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The ultimate guide to starting a small business 401(k)

Considering a 401(k) plan? Smart choice. 401(k) plans provide numerous benefits for all types of employers—including small businesses. This guide reviews the ins and outs of starting your own plan. To help, we’ve broken things down into five easy steps.

Keep reading to learn more—or click to download for free.

Want to add a 401(k) plan to your benefits package? You aren’t alone. One of the most popular types of retirement plans in the United States, 401(k) plans accounted for about 70% of all employer-based defined contribution plans as of late 2021

The Revenue Act of 1978 added Section 401(k) to the Internal Revenue Code. This enabled employees to avoid paying taxes on deferred compensation and opened the door for employees to save pre-tax money in retirement plans. In 1981, the Internal Revenue Service (IRS) provided employees the ability to fund 401(k) accounts through payroll deductions. Just two years later, nearly half of all large firms offered a 401(k) plan or considered one.

At its core, a 401(k) allows employees to contribute a portion of their compensation to a qualified retirement plan and, if making pre-tax contributions, defer income tax on those contributions until they are distributed in the future. 401(k) plan assets can be invested into various investment vehicles, including stocks, bonds, cash equivalents, and more.

401(k) plans come with benefits for all types of employers—from small businesses to enterprises. For example, some small businesses may receive tax incentives by starting a 401(k) plan. 401(k) plans may also allow companies to match funds that participants defer—which can help recruit and retain talent. And plans can be designed to include automatic enrollment features, which can help encourage participation. 

The benefits of offering a 401(k) for employees and employers

401(k) plans come with benefits for all types of employers—from small businesses to enterprises. For example, some small businesses may receive tax incentives by starting a 401(k) plan. 401(k) plans may also allow companies to match funds that participants defer—which can help recruit and retain talent. And plans can be designed to include automatic enrollment features, which can help encourage participation.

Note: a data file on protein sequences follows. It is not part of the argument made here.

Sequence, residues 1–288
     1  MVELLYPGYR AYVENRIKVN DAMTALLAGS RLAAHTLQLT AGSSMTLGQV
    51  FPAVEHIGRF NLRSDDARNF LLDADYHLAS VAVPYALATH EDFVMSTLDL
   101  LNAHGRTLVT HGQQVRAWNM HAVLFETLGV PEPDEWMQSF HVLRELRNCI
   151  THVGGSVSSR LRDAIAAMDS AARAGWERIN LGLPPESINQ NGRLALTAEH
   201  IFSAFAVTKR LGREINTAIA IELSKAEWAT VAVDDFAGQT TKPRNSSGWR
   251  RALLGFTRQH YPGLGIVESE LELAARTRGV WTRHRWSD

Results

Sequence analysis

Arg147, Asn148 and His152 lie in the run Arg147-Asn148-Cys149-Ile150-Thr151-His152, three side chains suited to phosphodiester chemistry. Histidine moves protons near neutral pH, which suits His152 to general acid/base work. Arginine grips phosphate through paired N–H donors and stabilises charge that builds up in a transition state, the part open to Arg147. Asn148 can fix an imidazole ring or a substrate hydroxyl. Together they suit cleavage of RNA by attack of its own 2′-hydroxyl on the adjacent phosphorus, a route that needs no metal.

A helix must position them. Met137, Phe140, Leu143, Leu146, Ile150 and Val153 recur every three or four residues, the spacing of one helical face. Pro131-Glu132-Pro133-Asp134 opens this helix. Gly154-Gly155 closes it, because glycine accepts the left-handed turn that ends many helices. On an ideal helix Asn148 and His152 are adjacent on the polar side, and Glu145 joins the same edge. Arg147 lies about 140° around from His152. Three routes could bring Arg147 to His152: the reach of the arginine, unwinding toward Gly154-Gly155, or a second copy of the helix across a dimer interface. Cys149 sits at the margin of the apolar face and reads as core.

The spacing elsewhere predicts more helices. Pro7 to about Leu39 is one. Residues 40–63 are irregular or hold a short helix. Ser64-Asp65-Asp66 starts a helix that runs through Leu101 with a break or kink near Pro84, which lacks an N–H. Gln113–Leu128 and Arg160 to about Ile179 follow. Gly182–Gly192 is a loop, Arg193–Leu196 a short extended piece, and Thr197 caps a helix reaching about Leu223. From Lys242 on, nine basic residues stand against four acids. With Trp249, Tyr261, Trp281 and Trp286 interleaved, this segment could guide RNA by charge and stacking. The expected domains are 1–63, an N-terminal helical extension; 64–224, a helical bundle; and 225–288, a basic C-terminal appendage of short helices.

Help your employees (and yourself) save for the future 

Tax benefits are one of the most attractive 401(k) advantages. Employees and business owners can make regular contributions on a pretax basis, which can lower their taxable income. This means participants don’t pay federal income tax for contributions up to the $22,500 limit in 2023 ($30,000 if employers who are 50 and older take full advantage of a catch-up contribution) until a distribution is taken. Earnings accumulate in 401(k) accounts on a tax-deferred basis, meaning earnings aren’t subject to taxation until participants make withdrawals.

For more information, refer to 401(k) advantages: Everything you need to know

Benefit from employer tax savings

SECURE Act tax credits

Employers can also benefit from tax savings by offering a 401(k). When passed, the SECURE (Setting Every Community Up for Retirement Enhancement) Act increased tax incentives for specific small business owners starting their first 401(k) plan. For qualifying businesses, this includes a tax credit of up to $5,000 per year for three years to cover expenses from setup and administrative tasks. Adding auto-enrollment to the plan also provides an additional $500 tax credit per year for up to three years.

Employers can claim the SECURE Act 401(k) tax credits if they meet the following criteria:

  • 100 or fewer employees received $5,000 in compensation in the prior year

  • Have at least one non-highly compensated employee (NHCE)

  • Employees didn’t benefit from a prior plan offered by the employer in the three tax years before the first year it was eligible for the credit

Deductible expenses

Employers can also match a portion of the employee’s contribution. According to Vanguard, an estimated 96% of plans they administer provided an employer contribution in 2020. While employers aren’t required to make matching contributions, those who do so can benefit from meaningful tax incentives. That’s because employer contributions made to the 401(k) are tax-deductible.

Stay competitive by offering a retirement benefit

Not only can offering a 401(k) provide tax benefits for employers, but it can also help your business compete when recruiting and retaining top talent. In fact, a survey commissioned by Human Interest found that health insurance and retirement were two primary benefits employees consider when evaluating a compensation package. What’s more, 78% of employees rated retirement plans as a “must-have” benefit according to Metlife’s 2021 Employee Benefits Trends Study.